Archive: November 17, 2006

1
New E-Discovery Rules & The Attorney-Client Privilege: A Middle Ground for Waiver?
2
Citing The Sedona Conference Glossary for E-Discovery, Court Overrules Vagueness and Ambiguity Objections to Request for Production

New E-Discovery Rules & The Attorney-Client Privilege: A Middle Ground for Waiver?

A November 2006 article by Preston Gates partner Julie Anne Halter for the Washington Legal Foundation:

"The proposed amendments to the Federal Rules of Civil Procedure will go into  effect on December 1, 2006, absent some affirmative act by Congress to prevent their  adoption. Among the amendments are provisions designed to address the everapparent  problem faced by corporate litigants: the volume of electronically stored  information and the varying ways it is maintained make it very difficult and often  cost-prohibitive to efficiently and effectively review it for privileged material prior to production. Under the current legal framework, the inadvertent production of  privileged or work-product protected material creates substantial risk; at the same  time, the effort and cost to conduct a comprehensive pre-production privilege review  often make such review impractical."

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Citing The Sedona Conference Glossary for E-Discovery, Court Overrules Vagueness and Ambiguity Objections to Request for Production

Johnson v. Kraft Foods N. Am., Inc., 2006 WL 3302684 (D. Kan. Nov. 14, 2006)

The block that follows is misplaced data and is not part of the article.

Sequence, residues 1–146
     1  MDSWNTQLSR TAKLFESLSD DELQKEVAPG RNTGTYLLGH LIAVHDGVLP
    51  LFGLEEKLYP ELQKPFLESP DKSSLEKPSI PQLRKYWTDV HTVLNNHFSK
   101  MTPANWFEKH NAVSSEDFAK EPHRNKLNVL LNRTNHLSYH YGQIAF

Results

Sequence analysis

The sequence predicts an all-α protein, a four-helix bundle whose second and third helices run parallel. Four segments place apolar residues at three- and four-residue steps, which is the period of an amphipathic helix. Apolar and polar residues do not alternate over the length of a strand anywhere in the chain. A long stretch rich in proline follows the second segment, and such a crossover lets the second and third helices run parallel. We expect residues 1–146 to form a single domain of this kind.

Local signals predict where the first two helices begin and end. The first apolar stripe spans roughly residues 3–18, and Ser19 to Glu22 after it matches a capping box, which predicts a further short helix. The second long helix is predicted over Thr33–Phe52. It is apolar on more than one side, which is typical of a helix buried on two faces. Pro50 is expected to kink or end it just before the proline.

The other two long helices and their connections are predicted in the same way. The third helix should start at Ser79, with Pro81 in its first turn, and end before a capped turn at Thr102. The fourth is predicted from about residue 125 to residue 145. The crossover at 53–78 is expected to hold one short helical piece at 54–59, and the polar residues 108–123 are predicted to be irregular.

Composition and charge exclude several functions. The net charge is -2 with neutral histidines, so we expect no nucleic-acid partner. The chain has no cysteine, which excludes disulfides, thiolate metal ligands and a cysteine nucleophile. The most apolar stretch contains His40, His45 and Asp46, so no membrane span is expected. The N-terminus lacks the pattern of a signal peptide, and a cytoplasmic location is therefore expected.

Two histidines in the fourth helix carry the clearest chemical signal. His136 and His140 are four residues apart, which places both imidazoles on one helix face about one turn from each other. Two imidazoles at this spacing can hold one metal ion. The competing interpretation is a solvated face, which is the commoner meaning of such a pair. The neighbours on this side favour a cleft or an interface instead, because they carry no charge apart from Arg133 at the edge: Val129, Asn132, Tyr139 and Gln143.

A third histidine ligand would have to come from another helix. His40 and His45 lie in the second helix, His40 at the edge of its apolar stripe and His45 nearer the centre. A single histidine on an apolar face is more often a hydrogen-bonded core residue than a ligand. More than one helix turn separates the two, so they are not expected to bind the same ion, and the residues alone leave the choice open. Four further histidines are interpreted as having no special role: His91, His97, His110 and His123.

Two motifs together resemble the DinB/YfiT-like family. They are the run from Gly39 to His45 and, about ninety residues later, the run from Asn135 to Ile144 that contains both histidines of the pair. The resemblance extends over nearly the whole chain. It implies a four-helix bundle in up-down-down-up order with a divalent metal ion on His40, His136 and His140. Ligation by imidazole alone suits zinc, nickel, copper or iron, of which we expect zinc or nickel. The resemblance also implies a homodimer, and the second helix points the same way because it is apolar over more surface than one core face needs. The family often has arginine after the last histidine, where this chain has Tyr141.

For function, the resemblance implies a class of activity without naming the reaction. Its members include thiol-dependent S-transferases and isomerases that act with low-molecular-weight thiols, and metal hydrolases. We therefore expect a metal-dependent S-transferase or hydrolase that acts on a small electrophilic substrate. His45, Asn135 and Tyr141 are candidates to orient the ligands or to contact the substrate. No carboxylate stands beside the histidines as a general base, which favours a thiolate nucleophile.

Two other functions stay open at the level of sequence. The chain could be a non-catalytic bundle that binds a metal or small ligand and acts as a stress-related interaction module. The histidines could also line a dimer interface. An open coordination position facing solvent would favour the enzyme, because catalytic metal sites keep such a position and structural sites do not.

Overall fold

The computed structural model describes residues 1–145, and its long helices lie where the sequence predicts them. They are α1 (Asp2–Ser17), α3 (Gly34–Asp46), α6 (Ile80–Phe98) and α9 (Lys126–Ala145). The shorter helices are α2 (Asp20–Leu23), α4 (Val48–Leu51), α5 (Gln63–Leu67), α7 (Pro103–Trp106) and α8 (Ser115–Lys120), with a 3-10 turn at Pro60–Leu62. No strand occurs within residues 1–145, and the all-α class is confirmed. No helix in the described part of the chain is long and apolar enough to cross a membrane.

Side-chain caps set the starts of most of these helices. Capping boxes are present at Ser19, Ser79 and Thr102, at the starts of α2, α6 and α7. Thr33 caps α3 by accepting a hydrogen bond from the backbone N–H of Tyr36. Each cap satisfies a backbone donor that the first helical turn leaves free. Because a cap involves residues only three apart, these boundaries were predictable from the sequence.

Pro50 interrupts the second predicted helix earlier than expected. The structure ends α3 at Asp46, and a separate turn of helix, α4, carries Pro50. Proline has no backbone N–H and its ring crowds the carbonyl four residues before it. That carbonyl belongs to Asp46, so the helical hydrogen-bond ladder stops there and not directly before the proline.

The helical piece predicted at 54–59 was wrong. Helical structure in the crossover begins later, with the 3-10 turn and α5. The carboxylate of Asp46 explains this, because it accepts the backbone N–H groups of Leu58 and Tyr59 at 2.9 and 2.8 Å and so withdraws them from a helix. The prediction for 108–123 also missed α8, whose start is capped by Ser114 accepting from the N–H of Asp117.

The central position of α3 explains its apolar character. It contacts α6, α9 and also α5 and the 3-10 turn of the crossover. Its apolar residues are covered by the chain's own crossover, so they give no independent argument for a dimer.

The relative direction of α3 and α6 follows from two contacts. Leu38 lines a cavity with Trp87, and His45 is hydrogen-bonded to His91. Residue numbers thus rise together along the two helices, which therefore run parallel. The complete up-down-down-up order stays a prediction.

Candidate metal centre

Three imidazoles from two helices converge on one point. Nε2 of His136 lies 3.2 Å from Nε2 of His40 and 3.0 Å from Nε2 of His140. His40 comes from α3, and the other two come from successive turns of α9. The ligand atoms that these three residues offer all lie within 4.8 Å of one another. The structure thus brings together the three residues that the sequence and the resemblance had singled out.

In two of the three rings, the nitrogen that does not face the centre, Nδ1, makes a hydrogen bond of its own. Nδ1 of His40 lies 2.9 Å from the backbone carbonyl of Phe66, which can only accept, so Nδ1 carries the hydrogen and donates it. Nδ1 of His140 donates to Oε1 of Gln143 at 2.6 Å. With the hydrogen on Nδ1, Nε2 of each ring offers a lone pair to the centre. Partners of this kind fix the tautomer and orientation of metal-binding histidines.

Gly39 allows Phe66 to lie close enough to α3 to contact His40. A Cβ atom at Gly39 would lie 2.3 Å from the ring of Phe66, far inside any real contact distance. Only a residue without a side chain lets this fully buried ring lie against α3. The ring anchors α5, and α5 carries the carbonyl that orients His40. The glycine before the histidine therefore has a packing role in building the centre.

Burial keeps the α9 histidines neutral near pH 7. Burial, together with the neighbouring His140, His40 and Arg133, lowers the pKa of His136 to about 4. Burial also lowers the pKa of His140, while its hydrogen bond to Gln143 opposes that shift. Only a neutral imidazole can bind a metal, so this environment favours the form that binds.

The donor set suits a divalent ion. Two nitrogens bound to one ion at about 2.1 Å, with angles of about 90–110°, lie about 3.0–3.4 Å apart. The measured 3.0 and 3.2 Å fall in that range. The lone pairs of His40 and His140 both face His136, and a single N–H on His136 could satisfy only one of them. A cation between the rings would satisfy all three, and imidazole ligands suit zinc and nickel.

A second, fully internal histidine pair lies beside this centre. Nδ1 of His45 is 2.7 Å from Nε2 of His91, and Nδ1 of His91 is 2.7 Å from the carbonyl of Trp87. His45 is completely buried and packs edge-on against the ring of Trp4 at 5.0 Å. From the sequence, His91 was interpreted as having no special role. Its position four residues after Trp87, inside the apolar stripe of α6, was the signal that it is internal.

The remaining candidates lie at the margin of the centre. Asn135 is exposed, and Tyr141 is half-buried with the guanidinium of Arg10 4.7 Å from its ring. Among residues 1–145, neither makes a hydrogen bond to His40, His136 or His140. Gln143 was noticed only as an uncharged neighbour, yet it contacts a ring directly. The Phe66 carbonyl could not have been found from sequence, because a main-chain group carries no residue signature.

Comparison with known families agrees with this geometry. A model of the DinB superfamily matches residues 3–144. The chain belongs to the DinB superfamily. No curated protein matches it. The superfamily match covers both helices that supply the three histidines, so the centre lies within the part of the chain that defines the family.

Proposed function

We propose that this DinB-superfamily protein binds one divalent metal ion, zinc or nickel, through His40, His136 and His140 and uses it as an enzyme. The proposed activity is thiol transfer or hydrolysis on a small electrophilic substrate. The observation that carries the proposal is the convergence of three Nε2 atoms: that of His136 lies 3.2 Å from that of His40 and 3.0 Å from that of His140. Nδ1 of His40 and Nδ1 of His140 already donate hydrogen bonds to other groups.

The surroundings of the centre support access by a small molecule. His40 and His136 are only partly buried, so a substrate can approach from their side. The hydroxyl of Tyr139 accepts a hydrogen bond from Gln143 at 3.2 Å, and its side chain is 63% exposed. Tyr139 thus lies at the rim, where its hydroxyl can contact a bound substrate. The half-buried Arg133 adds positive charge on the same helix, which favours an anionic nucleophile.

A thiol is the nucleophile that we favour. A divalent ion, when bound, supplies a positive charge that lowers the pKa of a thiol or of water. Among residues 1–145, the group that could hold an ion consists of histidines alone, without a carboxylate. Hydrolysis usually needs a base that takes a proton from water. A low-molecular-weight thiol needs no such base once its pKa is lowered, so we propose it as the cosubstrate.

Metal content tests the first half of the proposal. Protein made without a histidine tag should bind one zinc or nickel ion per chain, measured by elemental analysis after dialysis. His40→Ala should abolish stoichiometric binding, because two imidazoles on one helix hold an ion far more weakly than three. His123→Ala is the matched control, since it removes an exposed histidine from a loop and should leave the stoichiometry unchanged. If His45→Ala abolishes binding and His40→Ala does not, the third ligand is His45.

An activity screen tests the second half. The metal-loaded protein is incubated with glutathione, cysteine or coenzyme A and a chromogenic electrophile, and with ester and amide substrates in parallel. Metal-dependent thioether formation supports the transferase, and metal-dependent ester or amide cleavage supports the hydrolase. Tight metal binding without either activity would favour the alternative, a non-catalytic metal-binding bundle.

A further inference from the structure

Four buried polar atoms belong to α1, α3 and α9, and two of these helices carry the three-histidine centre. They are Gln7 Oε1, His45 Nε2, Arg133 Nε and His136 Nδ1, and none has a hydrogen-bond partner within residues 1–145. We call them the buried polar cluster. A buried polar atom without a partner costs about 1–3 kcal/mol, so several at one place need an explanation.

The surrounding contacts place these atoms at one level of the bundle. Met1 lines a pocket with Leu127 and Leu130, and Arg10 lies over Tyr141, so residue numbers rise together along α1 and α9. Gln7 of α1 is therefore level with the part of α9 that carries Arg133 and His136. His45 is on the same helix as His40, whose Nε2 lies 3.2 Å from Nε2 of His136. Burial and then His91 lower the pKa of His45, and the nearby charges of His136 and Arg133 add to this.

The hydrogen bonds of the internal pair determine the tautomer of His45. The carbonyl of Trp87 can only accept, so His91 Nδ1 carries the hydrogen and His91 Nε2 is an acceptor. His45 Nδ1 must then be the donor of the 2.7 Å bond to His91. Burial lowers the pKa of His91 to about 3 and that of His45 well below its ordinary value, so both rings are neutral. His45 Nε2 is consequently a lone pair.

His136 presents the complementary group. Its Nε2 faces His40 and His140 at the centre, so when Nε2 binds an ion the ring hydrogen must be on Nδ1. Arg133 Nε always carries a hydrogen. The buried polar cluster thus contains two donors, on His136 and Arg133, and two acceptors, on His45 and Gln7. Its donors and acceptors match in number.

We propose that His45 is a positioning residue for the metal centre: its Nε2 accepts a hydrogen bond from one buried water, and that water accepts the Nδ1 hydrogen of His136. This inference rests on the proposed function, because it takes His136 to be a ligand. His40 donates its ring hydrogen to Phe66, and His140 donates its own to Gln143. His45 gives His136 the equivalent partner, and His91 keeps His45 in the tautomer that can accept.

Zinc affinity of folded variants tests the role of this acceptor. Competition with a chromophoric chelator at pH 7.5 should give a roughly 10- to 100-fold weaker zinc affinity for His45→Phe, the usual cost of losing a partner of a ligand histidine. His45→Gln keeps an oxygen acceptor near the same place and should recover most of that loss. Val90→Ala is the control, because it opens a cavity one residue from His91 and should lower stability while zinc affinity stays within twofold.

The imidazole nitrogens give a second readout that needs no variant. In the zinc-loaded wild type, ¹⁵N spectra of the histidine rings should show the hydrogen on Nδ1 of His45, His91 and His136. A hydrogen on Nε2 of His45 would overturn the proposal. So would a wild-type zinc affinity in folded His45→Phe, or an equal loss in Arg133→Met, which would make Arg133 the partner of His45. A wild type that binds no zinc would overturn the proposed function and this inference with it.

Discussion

In this decision, the court granted in part plaintiffs’ motion to compel and overruled a number of defendants’ objections to plaintiffs’ request for production. Among other things, defendants had objected that many of the terms used in the request were vague and ambiguous, including: “electronic databases,” “personnel related data,” “database,” “coded fields,” and “data dictionaries.” Overruling the objection, the court noted that plaintiffs had attempted to resolve any ambiguity by providing definitions in a separate letter. It also noted that, while the court’s electronic discovery guidelines did not specifically provide definitions for the terms in dispute by the parties, the guidelines did provide a valuable reference to the Sedona Conference® for definitions of terms used in the guidelines. It concluded:
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